RAGE AGAINST THE DYING by Becky Masterman
Brigid Quinn is an ex-FBI agent who is trying to start a new life for herself, hard as it might be. Let’s face it, she’s really not the “baking muffins” and “sewing slipcovers” type of woman so adjusting to domesticity sometimes takes its toll on her. And then there is the one case that always comes back to haunt her – the one that she never solved. And now someone has come forward to confess to this crime – the disappearance and presumed murder of Brigid’s protégé, Jessica.
Floyd Lynch’s confession just doesn’t ring true for the new agent on the case – Laura Coleman. Can he really be responsible for the murders of so many women along the famous “Route 66” and is Jessica’s body somewhere along that long highway? Brigid can’t help but insinuate herself into this investigation even though she’s no longer an agent and has no authorization to do so.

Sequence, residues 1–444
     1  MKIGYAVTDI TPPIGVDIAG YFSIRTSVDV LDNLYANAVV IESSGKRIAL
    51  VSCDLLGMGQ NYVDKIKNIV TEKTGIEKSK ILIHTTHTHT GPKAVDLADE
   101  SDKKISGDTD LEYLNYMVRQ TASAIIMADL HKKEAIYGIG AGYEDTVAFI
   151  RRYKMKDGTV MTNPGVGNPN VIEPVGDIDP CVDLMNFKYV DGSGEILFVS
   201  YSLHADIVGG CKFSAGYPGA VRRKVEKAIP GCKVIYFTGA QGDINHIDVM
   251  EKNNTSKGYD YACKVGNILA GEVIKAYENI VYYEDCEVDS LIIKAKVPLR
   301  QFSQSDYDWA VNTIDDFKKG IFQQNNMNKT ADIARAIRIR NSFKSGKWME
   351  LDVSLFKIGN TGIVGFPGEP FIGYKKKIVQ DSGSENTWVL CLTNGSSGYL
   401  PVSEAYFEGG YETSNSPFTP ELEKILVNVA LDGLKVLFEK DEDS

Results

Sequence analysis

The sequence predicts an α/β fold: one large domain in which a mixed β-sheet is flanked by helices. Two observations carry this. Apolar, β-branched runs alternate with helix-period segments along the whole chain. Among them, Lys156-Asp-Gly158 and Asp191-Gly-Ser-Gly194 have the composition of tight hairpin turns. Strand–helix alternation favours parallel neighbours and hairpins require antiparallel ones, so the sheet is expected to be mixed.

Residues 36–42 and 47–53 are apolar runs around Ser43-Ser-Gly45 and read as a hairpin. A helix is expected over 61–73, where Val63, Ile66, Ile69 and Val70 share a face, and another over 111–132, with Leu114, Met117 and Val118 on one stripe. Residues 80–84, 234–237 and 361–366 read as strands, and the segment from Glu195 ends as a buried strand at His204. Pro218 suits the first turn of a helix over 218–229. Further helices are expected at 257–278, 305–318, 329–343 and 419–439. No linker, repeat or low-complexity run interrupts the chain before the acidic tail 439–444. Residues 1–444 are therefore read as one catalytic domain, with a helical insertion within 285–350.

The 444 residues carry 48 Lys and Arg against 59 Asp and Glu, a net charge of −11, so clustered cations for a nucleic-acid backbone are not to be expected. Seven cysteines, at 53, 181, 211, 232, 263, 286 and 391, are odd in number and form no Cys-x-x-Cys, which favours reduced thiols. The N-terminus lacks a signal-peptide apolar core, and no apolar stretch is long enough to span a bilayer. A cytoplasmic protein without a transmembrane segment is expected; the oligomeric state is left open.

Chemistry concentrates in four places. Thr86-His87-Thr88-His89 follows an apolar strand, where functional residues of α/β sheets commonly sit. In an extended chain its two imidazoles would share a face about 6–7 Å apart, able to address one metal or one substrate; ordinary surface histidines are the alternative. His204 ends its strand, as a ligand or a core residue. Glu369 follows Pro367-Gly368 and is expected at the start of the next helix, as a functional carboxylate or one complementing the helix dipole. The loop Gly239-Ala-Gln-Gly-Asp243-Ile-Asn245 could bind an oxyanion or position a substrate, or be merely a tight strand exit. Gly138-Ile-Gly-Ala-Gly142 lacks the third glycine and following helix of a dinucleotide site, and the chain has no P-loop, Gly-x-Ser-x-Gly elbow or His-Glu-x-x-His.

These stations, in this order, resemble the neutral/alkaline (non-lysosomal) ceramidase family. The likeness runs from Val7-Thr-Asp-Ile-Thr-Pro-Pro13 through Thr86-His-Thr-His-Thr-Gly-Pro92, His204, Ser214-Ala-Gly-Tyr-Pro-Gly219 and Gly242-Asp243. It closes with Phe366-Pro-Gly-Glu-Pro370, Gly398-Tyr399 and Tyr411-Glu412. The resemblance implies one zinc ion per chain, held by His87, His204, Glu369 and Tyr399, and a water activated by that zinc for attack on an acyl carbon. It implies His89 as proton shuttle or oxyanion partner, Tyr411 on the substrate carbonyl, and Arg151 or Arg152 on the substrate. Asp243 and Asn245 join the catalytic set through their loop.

The descriptions of the murders in this novel take on a salacious tone and edge toward sensationalism. Like Floyd Lynch’s confession, many of Brigid’s reactions to events just don’t ring true. In real life, I just don’t see people acting the way they are portrayed in this novel. Here they are no more than stereotypes and show very little resemblance to real people.
This is considered a thriller but I’d rather get my thrills by reading something more plausible and better written than this novel. There are many of those to choose from.